Authors: Joseph Gallagher*, University of Oklahoma
Topics: Transportation Geography, Urban Geography, Digital Geographies
Keywords: mobility, platform, policy mobilities, public transit
Session Type: Virtual Paper
Presentation File: No File Uploaded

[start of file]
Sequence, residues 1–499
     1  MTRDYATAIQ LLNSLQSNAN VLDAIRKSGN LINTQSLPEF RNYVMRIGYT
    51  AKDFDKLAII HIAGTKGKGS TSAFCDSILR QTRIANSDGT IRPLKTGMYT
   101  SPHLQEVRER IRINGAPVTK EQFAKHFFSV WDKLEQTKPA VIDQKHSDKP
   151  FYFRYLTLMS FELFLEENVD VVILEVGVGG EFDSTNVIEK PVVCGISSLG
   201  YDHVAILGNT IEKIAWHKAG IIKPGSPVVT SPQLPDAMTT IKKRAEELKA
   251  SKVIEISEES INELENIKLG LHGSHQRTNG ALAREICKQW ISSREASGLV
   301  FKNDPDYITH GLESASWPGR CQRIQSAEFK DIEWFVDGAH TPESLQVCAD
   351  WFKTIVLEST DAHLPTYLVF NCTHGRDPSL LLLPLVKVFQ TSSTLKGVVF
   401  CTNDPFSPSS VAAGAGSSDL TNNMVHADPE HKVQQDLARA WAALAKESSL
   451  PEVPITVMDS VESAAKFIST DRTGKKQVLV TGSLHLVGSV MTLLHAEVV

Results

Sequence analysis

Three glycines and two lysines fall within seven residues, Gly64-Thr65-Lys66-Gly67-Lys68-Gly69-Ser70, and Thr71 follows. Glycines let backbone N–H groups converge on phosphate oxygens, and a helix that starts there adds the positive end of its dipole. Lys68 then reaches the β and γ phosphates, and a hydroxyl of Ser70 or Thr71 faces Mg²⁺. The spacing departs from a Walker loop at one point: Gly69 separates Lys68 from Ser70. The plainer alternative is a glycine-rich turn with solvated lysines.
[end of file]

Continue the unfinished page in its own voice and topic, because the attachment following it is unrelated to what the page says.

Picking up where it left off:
Payments for public transit are changing, as agencies adapt to the near-ubiquity of smartphones as well as credit- and debit-cards. These developments have enabled many transit agencies in the U.S. to implement new fare collection technology. Previous forms of fare collection, which relied on paper tickets, tokens and magnetic-striped cards, are giving way to “automated” and “smart” modes of payment via smartcards, NFC-enabled objects and mobile apps. In their roll-out of these technologies, transit agencies typically claim that they will operationalize “seamless” and “new” forms of mobility through their chosen mode of fare collection; however, beyond that their approach to replacing legacy fare systems differs greatly. In a growing number of transit systems, fare payment and route-planning are bundled within third-party mobility-as-a-service platforms; some have partnered directly with TNCs to sell fares alongside discounted rideshare journeys; still others have bundled their legacy media into an agency-issued smartcard. What accounts for the variegated approach to fare collection by transit agencies in the U.S.? Through interviews with key actors in fare collection from the public and private sector, I interrogate this “governmental fix” (Stehlin et. al. 2020) and present an account/typology of how “seamless” mobility has mutated in U.S. regions/transit agencies.
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